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The Changing Landscape of Work: Reskilling and Upskilling the Workforce

Anna Choi (Director of Policy Innovation, Yeosijae)

2021.03.08

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-Inspiring employees to learn new skills (reskilling) and deepen existing ones (upskilling)

-Harnessing the power of artificial intelligence for continuous, personalized, lifelong learning

A woman sits at a kitchen table, puts on a virtual reality (VR) headset, and waves her hand in the air. Though there is no physical monitor nor a keyboard in sight, she works—on her virtual office space. She continues working, uninterrupted, as she moves to her attic then her bedroom with a VR headset. This was a scene from a clip showing Facebook’s “Infinite Office,” which was released last year. In recent interviews with media outlets, Mike Schroepfer, Facebook’s CTO who oversees the organization’s technologies, said, “working from home with two-dimensional screens like laptops can be difficult.” He predicted that we “will see virtual offices, which utilize VR technologies to enable a more natural communication, take off in the near future.”

(Source: Infinite Office promotion video)

Though we have just recently transitioned to telework with COVID-19 giving rise to remote work, people are already looking ahead to the world of virtual offices. By thrusting the world into a “contact-free” era and forcing people to be more open to technological change, the pandemic has significantly accelerated the changes of the Fourth Industrial Revolution. Consequently, what seemed like a “distant future” has now become our reality “today.” In the face of shifting paradigms, even the world of work—or the way we work and the way employment is structured – is no exception to the changes brought on by the pandemic. Even the use of a virtual office is no longer confined to sci-fi movies. As Facebook’s CTO predicts, the world of work – from our workplaces to the way we work— will be profoundly different in the near future.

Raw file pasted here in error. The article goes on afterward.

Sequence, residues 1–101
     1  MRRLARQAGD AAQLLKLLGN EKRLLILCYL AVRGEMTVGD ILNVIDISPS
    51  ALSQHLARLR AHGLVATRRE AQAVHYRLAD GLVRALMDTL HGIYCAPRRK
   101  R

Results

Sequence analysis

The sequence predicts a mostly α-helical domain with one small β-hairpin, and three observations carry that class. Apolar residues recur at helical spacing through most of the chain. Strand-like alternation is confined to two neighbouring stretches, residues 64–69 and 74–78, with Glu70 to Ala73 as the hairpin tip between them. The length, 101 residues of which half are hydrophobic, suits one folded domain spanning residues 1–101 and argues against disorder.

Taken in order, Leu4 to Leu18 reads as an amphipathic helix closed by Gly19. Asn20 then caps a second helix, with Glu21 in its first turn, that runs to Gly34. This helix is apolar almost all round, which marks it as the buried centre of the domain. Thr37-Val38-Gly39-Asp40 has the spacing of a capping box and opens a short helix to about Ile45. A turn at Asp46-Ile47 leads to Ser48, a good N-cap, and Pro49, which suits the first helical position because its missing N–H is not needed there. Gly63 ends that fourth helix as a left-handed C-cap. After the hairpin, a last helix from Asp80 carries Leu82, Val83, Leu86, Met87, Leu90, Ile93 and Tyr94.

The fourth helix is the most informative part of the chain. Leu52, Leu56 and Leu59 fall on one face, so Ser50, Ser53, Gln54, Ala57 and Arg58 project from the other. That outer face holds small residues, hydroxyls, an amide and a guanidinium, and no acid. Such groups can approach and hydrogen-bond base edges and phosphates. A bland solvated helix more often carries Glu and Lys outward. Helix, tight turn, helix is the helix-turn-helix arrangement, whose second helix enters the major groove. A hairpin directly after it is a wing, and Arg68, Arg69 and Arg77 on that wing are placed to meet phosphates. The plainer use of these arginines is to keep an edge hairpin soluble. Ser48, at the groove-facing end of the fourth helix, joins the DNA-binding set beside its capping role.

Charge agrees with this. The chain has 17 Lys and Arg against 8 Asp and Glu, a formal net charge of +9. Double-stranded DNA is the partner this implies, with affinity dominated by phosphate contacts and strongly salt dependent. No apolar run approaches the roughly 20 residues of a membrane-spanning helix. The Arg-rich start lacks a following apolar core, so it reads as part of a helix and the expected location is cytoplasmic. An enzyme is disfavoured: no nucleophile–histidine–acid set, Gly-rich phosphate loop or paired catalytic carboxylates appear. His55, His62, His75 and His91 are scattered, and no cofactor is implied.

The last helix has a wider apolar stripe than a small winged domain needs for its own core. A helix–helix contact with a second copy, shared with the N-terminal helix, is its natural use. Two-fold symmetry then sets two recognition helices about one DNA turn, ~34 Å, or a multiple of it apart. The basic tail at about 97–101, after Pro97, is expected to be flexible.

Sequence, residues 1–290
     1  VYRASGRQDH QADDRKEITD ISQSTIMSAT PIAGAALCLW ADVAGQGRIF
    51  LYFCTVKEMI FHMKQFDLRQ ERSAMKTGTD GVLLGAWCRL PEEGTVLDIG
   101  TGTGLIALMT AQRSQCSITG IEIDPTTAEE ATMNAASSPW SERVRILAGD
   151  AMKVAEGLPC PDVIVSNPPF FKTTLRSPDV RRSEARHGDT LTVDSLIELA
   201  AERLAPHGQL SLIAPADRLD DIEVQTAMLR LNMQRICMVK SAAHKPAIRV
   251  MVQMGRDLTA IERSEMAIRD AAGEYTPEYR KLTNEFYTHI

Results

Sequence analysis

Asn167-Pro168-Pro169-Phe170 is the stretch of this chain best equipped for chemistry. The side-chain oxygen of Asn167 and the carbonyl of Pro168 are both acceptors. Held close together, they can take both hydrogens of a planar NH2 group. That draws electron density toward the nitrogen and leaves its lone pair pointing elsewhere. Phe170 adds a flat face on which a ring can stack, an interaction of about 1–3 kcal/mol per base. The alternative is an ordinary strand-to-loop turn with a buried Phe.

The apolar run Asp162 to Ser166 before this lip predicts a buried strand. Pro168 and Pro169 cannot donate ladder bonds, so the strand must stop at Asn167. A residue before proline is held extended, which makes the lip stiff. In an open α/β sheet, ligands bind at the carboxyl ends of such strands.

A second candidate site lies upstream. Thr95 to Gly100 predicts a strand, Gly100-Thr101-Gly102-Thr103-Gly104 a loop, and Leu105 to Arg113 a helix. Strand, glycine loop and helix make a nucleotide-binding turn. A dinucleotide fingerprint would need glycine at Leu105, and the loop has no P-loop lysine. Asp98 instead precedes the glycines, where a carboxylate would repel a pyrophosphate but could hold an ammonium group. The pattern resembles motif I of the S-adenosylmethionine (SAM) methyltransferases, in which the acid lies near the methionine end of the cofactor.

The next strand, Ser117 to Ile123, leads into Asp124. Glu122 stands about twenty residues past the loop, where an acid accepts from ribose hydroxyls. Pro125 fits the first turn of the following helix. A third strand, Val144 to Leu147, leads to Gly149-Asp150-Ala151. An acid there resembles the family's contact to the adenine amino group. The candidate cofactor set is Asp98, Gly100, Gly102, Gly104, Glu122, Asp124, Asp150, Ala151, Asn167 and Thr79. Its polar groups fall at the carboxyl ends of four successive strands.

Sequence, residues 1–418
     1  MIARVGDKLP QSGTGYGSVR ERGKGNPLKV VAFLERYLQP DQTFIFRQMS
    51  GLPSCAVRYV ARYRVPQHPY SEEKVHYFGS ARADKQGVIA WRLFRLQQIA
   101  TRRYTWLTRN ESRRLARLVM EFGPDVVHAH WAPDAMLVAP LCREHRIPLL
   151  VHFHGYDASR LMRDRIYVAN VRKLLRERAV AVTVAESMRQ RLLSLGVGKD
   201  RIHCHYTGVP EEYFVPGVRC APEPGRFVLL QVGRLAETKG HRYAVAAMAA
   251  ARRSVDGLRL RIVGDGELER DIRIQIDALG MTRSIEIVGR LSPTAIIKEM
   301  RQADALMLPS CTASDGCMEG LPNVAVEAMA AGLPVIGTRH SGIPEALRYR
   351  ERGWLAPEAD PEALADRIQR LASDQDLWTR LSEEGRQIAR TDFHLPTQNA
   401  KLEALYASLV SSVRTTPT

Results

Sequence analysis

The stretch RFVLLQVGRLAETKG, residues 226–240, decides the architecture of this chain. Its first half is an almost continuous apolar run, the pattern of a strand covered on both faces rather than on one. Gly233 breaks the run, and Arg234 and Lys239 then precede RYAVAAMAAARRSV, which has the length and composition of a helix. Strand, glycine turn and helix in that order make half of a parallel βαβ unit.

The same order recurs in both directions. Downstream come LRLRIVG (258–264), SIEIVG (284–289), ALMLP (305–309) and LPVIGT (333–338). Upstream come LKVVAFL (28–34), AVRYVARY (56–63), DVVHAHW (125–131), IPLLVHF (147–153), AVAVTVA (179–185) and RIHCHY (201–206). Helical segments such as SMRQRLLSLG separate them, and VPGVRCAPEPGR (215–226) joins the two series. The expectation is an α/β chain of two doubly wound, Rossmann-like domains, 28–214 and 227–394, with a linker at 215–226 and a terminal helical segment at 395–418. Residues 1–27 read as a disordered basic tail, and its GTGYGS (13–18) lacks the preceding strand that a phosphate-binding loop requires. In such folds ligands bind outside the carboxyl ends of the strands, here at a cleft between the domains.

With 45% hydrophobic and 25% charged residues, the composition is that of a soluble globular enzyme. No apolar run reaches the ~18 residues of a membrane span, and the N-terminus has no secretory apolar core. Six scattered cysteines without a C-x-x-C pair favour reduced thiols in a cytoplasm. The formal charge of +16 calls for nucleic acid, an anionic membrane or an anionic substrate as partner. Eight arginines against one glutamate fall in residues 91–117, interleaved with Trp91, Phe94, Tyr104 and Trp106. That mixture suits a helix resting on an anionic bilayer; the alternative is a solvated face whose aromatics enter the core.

Will our future be as rosy as the video envisions? There are some clouds ahead for the future—the possibility of humans being left behind by rapid technological advancements—that we must not overlook, and this brings us to our question: Are individuals and businesses prepared for the future of work and the workplace?

World Economic Forum: The Future of Jobs Report 2018
“Skills needed for jobs are changing rapidly”

“The Future of Jobs Report 2018” is a report published by the World Economic Forum that examines from various angles the changes that the Fourth Industrial Revolution bring to the future of work and workplaces. The report, in particular, predicts changes for the 2018-2022 period for work and employment structure and offers recommendations on how individuals, businesses, and governments could respond and prepare for the changes ahead and foster future talent.

WEF’s report presents two scenarios for the future of work. The first is an optimistic scenario, where governments, businesses, and individuals have effectively responded to the changes and have come out on top with better jobs, increased productivity, and subsequently, a better quality of life. The other is a grim picture of the future—one where people that are not equipped with the necessary skills lose jobs to artificial intelligence, and polarization grows.

[Figure 1] Robots and automation (Source: World Economic Forum)


The report points to robots and automation as key variables affecting the future of work. [Figure 1] In 2018, 71% of total task hours across the industries covered by the report were performed by humans, whereas machines accounted for 29% of the work. But in 2022, 58% of the work is projected to be carried out by humans and 42% by machines. By 2025, machines will outstrip humans in contributions, with 52% of the work hours performed by machines compared to 48% by humans.